Weekend in the Lemhis


We get our 15 minutes in the Lemhis.

Note: click images to see a larger version in a new window

Big Dan had been talking to Idaho Public Television about a segment on climbing in Idaho. We should be a part of their show in October. He put together an itinerary and invited a few of the regulars ("the talent") to participate. The original idea was to climb Saddle Mountain from a camp in Middle Canyon, but on location that was wisely dropped so we all moved ahead a day to our plan for Saturday: Meadow Lake campground and Gilmore Peak. Once there, the talent started putting up camp while the star was interviewed lakeside.

Big Dan interview

And oh yeah... we had a mountain to climb. Better get a picture of that, too!




Gilmore Peak

After tacos at the campground (us media types were living large with 4-star accommodations), we were off the next morning for an alpine start at the crack of 8:30.

The route starts out on a well-prepared trail, then a spur trail heads for the Lemhi Crest. In the old rock glacier, it gets a bit vague for a bit.


But it's pretty obvious as you climb through the talus fields.

Talus trail
Once on the crest, the views open up to the west. Despite the many stops for photography, we were enjoying the ridge with mucho gusto. Ridge view

More views.

I did not stage this shot, honest.


After wandering on what was either a climber's trail or the best darn goat trail ever, we had passed either around or over many of the ridge's teeth. Then we finally figured out the actual summit. For scale, note the climbers in the saddle.

Hmmm. This could get interesting.

Gilmore Peak

It turned out to be a fun, easy scramble that even Fleur enjoyed.

And about 10 steps away from the actual summit offered up a breathtaking view of the campgrounds below. Wow! Meadow Lake
Meanwhile, there was work to do and a story to tell. Workin'

I did the honors.

And no, I did not crop this with the computer. I gots mad skillz (and long arms).

On the return we did a couple more shots, then broke for camp and cold beers. This is one last look before dropping into the basin. Last look

Camp was a jovial affair.


We pretty much hid in the shade.

That night it did not cool off. We woke to shorts and t-shirts weather, which usually leads to afternoon thunderstorms. Better get going. Steve and Tom look to be adequately caffeinated. Got coffee?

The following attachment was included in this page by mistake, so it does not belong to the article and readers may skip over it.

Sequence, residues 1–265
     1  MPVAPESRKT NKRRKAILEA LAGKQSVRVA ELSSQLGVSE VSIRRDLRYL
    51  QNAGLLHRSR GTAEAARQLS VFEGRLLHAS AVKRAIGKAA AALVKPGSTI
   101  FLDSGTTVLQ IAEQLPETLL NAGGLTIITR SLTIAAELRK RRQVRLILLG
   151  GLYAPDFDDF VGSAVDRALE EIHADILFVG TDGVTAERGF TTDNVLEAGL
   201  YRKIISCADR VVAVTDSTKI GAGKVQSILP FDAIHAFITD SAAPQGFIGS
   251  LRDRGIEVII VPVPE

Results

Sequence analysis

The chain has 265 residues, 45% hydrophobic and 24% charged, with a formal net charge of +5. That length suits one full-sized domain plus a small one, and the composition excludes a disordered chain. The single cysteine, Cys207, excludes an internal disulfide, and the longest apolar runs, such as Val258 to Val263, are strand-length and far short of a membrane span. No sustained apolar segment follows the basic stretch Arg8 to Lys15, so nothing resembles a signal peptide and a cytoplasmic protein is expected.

This morning we were on our feet at 7am, and without 14 stops en route, we were soon nearing the saddle from yesterday. Return to the ridge
And we were rewarded for our troubles with a goat sighting. Goats
We followed Mr. Goat's path up the ridge, where we got an eyeful of the rest of the day: Peak 10723 and Portland Mountain at the far end. Ridge
It was up one hump and down another. Easy cruising with lots of rubbernecking. Humps
Dylan found an old digging. The Gilmore was a busy mining district back in the 1800s with silver and lead abundant. So there we probably many more diggings, except the angle of repose rules. And they are now buried. This one survived because it's too high up for much to slide down and into it.
Steppin' lively. High step
The last few hundred yards required some lively steppin. Rock hopping
And then we were on Portland. A little hazy, but now all we had to do is walk back down our route. Simple enough. Let's relax! Summit

After quite some time, we finally hauled our lazy carcasses off the summit and started home. About the same time as the clouds began to darken. And then rumble.

We bailed off the side of the ridge and did the talus dance back to the road and our campground, getting there just shortly before the off-and-on rain began. Although the rain managed to dampen our stuff (with a prediction of clear weather, we hadn't done a really super job of setting up our gear for precip), it didn't dampen our spirits, and we had another brilliant afternoon and evening around the campfire.

Clouds moving in
The next morning Steve had to leave early to run some nuclear reactions while the rest of us headed for Meadow Mountain, a peak that Dan and I had spotted on an outing last January. That's it in the middle with the characteristic three steps. Meadow Peak
It didn't look too far away, but those wide Lemhi valley alluvial fans are tricky. Nonetheless, we were on our feet around 7:45 and wallowing through the wildflowers. Here the lupine combine with the sagebrush for a magical effect. Lupine

We were so busy worrying about the upper talus we failed to notice how steep the initial timbered slope was. That was until we had to walk up it.

But we were soon cruising up the meadows at the top of the first step, trying to find some breeze or at least stay in the shade.

Meadow #1
Time for the second step. Step #2
This is looking down the second step. It's a little disorienting because the meadow is flat. And the talus hill is so long is shows the curvature of the earth. Down escalator

And from the top of the second step, here's the third and final step.

Although it looks barren, there were tons of tiny wildflowers of all sorts and colors.


And our final summit of the weekend.

We sat on top and ate our lunch while we watched two goats and reflected on the fine weekend.

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